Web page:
Search Images Maps Play YouTube News Gmail Drive More »
Sign in
Screen reader users: click this link for accessible mode. Accessible mode has the same essential features but works better with your reader.


  1. Advanced Patent Search
Publication numberUS3903589 A
Publication typeGrant
Publication dateSep 9, 1975
Filing dateFeb 13, 1974
Priority dateJan 31, 1972
Publication numberUS 3903589 A, US 3903589A, US-A-3903589, US3903589 A, US3903589A
InventorsKlein Gerhart P, Vierou William F
Original AssigneeMallory & Co Inc P R
Export CitationBiBTeX, EndNote, RefMan
External Links: USPTO, USPTO Assignment, Espacenet
Method for fabrication of anodes
US 3903589 A
A new technique of contacting the ends of film forming metal wire in a slurry of film forming metal powder in a liquid, drying the coating, and sintering the adhering powder to the wire results in anodes suitable for fabrication into capacitors.
Previous page
Next page
Claims  available in
Description  (OCR text may contain errors)

United States Patent 11 1 Klein et al.

[ 1 Sept. 9, 1975 METHOD FOR FABRICATION OF ANODES [75] Inventors: Gerhart P. Klein, Manchester;

William F. Vierou, West Acton, both of Massv [73] Assignee: P. R. Mallory & Co., Inc.,

Indianapolis, lnd.

[22] Filed: Feb. 13, 1974 [21] Appl. No.: 442,174

Related US. Application Data [62] Division of Ser. No 222,015, Jan, 31, 1972, Pat. No.

2,856,681 10/1958 Lacy 228/175 3,041,209 6/1962 Bcggs 427/77 3,290,761 12/1966 Ho 29/570 3,403,303 9/1968 Klein 29/570 3,485,654 12/1969 McGraw 428,132 3,573,996 4/[971 Paine 148/6 3,618,200 1 [/1971 Matsuo 29/570 3,732,470 5/1973 Robinson 29/570 3,733,660 5/1973 Kallianides 29/2541 Primary Examiner-Roy Lake Assistant Examiner-W. C. Tupman Attorney, Agent, or Firm-Charles W. Hoffmann; Robert F. Meyer; Donald W. Hanson [S 7] ABSTRACT A new technique of contacting the ends of film forming metal wire in a slurry of film forming metal pow der in a liquid, drying the coating, and sintering the adhering powder to the wire results in anodes suitable for fabrication into capacitors.

l Claim, 7 Drawing Figures PATENTEUSEP 9 W5 H! 1 {HQ-41W FIG. 2a FJMJ. 2b

FIG. 4

METHOD FOR FABRICA'IION ()F ANUDES This application is a division of Ser. No. 222,015, filed .lan. 3|, I972, now US. Pat. No. 3,817,782.

BAFKGROI INI) OF THF. lNVl-LN'IION The fabrication of small anodes by pressing of powder with the leads either welded on after presintering or pressed into the anode presents serious problems of controlling the size of anodes and of handling. To pro ducc anodes within tight limits of (V product small amounts of powder have to be measured accurately and consistently and the density of pressing must be controlled within tight limits. The small amounts of compacted powder have then to be attached to the ends of wire, or to foil for processing and to provide a means of making electrical contact to the finished device.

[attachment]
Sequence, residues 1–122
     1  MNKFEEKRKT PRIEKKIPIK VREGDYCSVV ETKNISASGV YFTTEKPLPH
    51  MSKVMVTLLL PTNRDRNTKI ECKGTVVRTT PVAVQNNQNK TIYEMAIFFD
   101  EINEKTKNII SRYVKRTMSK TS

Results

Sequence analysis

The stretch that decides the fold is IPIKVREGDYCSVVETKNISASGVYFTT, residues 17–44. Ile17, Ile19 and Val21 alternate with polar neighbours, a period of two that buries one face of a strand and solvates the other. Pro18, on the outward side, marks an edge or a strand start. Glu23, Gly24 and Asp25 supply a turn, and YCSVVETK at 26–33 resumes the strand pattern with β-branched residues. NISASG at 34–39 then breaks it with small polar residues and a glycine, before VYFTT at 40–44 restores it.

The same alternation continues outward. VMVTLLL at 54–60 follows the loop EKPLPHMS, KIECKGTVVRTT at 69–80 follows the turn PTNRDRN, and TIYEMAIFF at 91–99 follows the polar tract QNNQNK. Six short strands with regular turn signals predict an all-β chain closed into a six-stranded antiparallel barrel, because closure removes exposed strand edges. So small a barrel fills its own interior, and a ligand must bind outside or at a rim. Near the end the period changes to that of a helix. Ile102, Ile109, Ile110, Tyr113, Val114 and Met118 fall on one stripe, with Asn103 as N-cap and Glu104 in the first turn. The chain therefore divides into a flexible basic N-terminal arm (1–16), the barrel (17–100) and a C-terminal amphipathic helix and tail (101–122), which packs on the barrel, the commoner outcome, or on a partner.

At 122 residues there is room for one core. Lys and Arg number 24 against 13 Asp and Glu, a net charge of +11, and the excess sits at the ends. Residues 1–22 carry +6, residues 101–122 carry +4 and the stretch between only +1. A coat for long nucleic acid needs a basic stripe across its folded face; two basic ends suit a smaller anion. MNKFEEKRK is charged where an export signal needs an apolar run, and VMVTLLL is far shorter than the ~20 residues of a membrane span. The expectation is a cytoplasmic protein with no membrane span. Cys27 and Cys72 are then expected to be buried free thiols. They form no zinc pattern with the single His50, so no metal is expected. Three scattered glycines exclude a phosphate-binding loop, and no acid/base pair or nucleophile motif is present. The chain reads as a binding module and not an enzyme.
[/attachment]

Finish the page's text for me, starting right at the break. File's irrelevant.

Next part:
Volumetric measuring of the small amounts of powder is inherently inaccurate. especially at the smallest end where minute quantities of the order of milligrams are required.

SUMMARY OF THE INVENTION An object ofthis invention is to provide a method of producing small anodes for capacitors of the wet or dry type.

Another object of the invention is to produce anodes in the range from I to 50 ufd-volt A new technique of dipping the ends of film forming metal wire in a slurry of film forming metal powder in viscous liquids, drying the coating, and sintering the adhering powder to the wire results in small anodes suitable for capacitors The use of viscous liquids produces a suspension of the powder with a slow rate of settling in spite of the high specific gravity of film forming metals such as nio bium and tantalum. Also, the finer the powder the slower the rate of settling. The slurry can be circulated by means of a kinetic tubing pump which produces suf ficient movement of the slurry to keep the powder in suspension indefinitely. This property of a viscous slurry makes it possible to prepare slurries with differcnt concentrations of powder in them. By dipping the ends of wire in slurries with different powder concentrations one can control the amount of powder depos' ited since the size of the droplet adhering to the wire after withdrawal from the slurry is of about equal size independent of the amount of powder in it. After drying, different amounts of powder remain on the wire. This permits the preparation of anodes with very small amounts of powder on them with similar case as those with larger amounts.